17 June, 2019
This study extends the use of expansive framing, a discursive pedagogical practice for supporting generative (i.e., transferable) collaborative learning, to a fully online undergraduate Educational Psychology course. This study examined how students expansively framed their engagement in a social annotation activity across the semester. Quantitative analysis confirmed the extent to which interactions in the annotation activity were expansively framed and found a significant correlation between expansive framing and open-ended exam performance. Qualitative analyses confirmed that expansively framed interactions made numerous connections between disciplinary course knowledge and nascent disciplinary teaching practices. More generally, the study showed that expansive framing can be easily and successfully used to support generative collaborative learning in online courses.
8 June, 2019
The digital format opens up new possibilities for interaction with monographic publications. In particular, annotation tools make it possible to broaden the discussion on the content of a book, to suggest new ideas, to report errors or inaccuracies, and to conduct open peer reviews. However, this requires the support of the users who might not yet be familiar with the annotation of digital documents. This paper will give concrete examples and recommendations for exploiting the potential of annotation in academic research and teaching. After presenting the annotation tool of Hypothesis, the article focuses on its use in the context of HIRMEOS (High Integration of Research Monographs in the European Open Science Infrastructure), a project aimed to improve the Open Access digital monograph. The general line and the aims of a post-peer review experiment with the annotation tool, as well as its usage in didactic activities concerning monographic publications are presented and proposed as potential best practices for similar annotation activities.
Art History Teaching Resources (AHTR)
6 June, 2019
To become active and insightful interpreters of literary or scholarly texts, students must learn to attend to and trust in their own thoughtful responses to what they read. Instructors can help students to acquire this self-awareness by encouraging them to makes notes – as most experienced readers do habitually – on the texts that they are examining. Collaborative assignments using the open-source program Hypothesis can help students to develop the habit of textual annotation.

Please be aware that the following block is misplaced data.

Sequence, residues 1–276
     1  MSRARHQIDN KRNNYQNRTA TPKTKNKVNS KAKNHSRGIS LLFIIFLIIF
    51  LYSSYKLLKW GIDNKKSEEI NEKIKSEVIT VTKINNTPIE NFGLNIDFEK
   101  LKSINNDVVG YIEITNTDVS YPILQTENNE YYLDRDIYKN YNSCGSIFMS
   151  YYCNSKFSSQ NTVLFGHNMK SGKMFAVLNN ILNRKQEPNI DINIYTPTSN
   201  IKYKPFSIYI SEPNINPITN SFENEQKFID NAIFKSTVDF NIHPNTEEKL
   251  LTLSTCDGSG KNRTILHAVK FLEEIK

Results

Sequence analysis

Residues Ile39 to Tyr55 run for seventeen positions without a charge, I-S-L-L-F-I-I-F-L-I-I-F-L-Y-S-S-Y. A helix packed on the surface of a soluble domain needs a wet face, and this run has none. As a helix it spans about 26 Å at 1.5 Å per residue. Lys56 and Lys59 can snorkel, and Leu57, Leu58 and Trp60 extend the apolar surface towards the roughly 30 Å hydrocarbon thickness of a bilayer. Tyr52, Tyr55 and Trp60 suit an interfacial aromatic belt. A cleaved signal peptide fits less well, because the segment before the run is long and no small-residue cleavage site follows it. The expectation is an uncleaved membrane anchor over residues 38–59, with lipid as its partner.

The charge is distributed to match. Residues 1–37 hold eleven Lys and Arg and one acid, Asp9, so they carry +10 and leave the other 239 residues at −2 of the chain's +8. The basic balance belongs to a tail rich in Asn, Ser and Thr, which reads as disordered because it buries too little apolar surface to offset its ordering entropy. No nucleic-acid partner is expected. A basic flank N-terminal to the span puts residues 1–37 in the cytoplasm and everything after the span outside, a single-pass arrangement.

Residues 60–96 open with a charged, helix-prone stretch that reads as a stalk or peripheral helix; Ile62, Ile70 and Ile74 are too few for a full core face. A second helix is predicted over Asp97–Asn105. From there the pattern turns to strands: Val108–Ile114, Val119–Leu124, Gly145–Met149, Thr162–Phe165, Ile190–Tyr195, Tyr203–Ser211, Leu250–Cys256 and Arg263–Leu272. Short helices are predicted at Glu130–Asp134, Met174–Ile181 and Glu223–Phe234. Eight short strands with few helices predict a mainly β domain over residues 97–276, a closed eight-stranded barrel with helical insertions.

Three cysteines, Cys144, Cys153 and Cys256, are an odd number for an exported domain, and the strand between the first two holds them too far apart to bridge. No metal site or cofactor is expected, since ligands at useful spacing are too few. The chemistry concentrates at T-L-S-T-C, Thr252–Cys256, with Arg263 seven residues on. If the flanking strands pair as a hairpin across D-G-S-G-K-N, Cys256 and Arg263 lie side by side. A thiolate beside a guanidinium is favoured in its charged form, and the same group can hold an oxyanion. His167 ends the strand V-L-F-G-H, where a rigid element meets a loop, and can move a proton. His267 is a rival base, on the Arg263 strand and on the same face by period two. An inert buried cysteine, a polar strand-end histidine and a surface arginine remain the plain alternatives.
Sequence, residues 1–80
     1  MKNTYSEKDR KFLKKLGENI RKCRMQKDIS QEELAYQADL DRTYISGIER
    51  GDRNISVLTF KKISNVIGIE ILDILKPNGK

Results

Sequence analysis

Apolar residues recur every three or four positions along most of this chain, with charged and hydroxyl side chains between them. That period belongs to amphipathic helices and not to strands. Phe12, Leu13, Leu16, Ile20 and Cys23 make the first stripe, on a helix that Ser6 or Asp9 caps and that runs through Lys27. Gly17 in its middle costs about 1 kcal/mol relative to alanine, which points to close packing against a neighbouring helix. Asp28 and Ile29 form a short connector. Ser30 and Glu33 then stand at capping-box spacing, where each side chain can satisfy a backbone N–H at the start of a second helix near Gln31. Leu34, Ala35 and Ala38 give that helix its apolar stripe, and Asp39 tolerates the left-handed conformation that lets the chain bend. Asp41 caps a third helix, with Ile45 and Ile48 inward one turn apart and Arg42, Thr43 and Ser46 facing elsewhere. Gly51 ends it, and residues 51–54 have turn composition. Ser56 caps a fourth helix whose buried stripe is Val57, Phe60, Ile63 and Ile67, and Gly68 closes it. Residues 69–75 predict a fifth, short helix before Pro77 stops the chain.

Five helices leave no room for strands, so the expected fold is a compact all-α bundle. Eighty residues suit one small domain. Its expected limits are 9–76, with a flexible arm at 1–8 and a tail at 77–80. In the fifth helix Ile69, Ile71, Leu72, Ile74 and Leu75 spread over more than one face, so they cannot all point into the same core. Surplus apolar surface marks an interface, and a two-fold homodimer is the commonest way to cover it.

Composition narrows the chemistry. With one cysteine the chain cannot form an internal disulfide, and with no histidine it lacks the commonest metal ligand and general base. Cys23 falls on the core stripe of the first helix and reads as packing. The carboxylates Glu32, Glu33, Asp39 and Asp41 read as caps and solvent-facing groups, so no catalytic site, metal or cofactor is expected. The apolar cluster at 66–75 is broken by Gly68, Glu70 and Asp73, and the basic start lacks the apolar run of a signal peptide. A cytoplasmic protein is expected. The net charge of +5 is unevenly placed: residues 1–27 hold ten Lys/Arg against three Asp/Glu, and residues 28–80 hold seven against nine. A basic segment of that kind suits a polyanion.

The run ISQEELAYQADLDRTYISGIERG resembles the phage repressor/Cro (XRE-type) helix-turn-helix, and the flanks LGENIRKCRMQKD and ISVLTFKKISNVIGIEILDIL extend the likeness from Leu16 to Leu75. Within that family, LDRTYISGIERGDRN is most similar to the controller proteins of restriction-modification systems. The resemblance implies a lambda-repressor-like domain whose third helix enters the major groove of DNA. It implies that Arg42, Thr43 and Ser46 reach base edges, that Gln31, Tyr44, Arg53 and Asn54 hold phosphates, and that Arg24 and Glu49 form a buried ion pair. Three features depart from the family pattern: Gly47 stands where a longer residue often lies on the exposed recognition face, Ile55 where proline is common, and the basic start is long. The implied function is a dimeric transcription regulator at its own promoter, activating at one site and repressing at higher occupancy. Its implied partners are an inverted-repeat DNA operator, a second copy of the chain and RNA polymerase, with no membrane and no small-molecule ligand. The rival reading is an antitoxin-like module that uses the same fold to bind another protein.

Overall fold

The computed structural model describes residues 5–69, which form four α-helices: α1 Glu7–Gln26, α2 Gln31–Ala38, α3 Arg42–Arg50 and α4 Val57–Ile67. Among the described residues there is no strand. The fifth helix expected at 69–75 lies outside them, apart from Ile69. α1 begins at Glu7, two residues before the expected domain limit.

24 May, 2019
What’s the optimal amount of annotating? I’m planning to use Hypothes.is to have my students annotate readings and discuss their reactions and interpretations with each other online, this summer and fall. During the summer session I’m teaching an online “Readings in American Environmental History” course, so any discussion of texts we would do would necessarily be online. But I’m not particularly thrilled with the experiences I’ve had trying to run online discussions in my university’s LMS (D2L), which seems particularly ill-suited to the task. Maybe if we had something available like Slack and Canvas I’d be more excited about trying to do discussions in the shell. Even so, I suspect I’d be leaning toward using Hypothes.is directly. And in my fall classes (three in person, one online), I’d like to grow beyond the model I’ve been using, where the students’ written responses to readings are only visible to me. I think posting responses that their peers will read and respond to could be an incentive to more thoughtful engagement with the material. It will also set a baseline of sorts and may tend to raise the bar a bit as students see the efforts their peers are making. And beginning a discussion in Hypothes.is may make the transition to in-person discussion in class smoother and easier. Read more OERFuture.net posts about Hypothesis: https://oerfuture.net/tag/hypothes-is/